Doctor admits health care fraud conspiracy


Date: February 15, 2023


A doctor who owns a medical clinic in Newark today admitted defrauding New Jersey state and local health benefits programs and other insurers by submitting fraudulent claims for medically unnecessary prescriptions, Attorney for the United States Vikas Khanna announced.

Saurabh Patel, of Woodbridge, New Jersey, pleaded guilty by videoconference before U.S. District Judge Robert B. Kugler to a superseding information charging him with one count of conspiring to commit health care fraud. Saurabh Patel was previously charged by indictment with conspiring in the health care fraud scheme with a family member, Kaival Patel, of West New York, New Jersey. Kaival Patel was also charged with conspiracy to commit money laundering, substantive counts of money laundering, and making false statements to federal agents. The charges against Kaival Patel are merely accusations, and he is presumed innocent unless and until proven guilty. He is scheduled to proceed to trial later this year.

According to court documents and statements made in Court:

Compounded medications are specialty medications mixed by a pharmacist to meet the specific medical needs of an individual patient. Although compounded drugs are not approved by the Food and Drug Administration (FDA), they are properly prescribed when a physician determines that an FDA-approved medication does not meet the health needs of a particular patient, such as if a patient is allergic to a dye or other ingredient.

Patel is a medical doctor who owns and operates a clinic in Newark. Despite having no background in pharmaceuticals or medicine, Kaival Patel and his wife created and operated a company called ABC Healthy Living LLC (ABC) to market medical products and services, including compound prescription medications. A pharmaceutical sales representative, Paul Camarda, also created a company and worked with Kaival Patel to promote compound medications. Camarda pleaded guilty before Judge Kugler in Camden federal court on July 6, 2021, to health care conspiracy and conspiring to commit money laundering and obstruct justice. He awaits sentencing.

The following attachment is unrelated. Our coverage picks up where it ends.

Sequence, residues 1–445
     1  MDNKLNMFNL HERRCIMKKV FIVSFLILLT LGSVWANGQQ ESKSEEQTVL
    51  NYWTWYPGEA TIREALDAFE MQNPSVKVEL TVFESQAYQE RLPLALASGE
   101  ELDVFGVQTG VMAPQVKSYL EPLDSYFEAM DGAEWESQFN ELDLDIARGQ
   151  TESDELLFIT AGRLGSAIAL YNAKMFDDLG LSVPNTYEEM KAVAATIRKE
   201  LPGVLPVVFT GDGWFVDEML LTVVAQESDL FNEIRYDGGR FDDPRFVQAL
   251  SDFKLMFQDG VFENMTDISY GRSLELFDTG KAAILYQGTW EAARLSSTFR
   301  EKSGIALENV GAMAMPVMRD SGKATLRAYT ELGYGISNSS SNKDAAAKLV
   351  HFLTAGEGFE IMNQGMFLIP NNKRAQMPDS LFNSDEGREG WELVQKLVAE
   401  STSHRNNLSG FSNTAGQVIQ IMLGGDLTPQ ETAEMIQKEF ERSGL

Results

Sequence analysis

The conspirators learned that certain state and local government employees had insurance that would reimburse up to thousands of dollars for a one-month supply of certain compound medications. Kaival Patel and Camarda approached Saurabh Patel and convinced him to authorize prescriptions for the compound medications for which they received commissions, regardless of whether or not those prescriptions were medically necessary. The conspirators steered individuals who were paid to receive the compound medications to Saurabh Patel's medical practice for the purpose of receiving his authorization on the fraudulent prescriptions. This enabled Saurabh Patel to receive insurance payments for those patient visits and procedures. In addition to the people steered to Saurabh Patel's medical practice as part of the scheme, Kaival Patel also instructed Saurabh Patel on which insurance companies covered the compound medications and requested that he prescribe those medications to existing patients of his practice with those insurance plans in order to further benefit Kaival Patel and his wife.

Saurabh Patel faces a maximum penalty of 10 years in prison and a $250,000 fine. Sentencing is scheduled for June 27, 2023.

Attorney for the United States Khanna credited agents of the IRS Office of Criminal Investigation, under the direction of Acting Special Agent in Charge Tammy Tomlins in Newark; FBI's Atlantic City Resident Agency, under the direction of Special Agent in Charge James E. Dennehy in Newark; and the U.S. Department of Labor Office of Inspector General, New York Region, under the direction of Special Agent in Charge Jonathan Mellone, with the investigation leading to today's guilty plea.

The government is represented by Christina O. Hud, Senior Trial Counsel in the Health Care Fraud Unit; R. David Walk Jr., Chief of the Opioid Abuse Prevention and Enforcement Unit; and Assistant U.S. Attorney Daniel A. Friedman of the Criminal Division in Camden.

The charges and allegations against Kaival Patel are merely accusations, and he is presumed innocent unless and until proven guilty.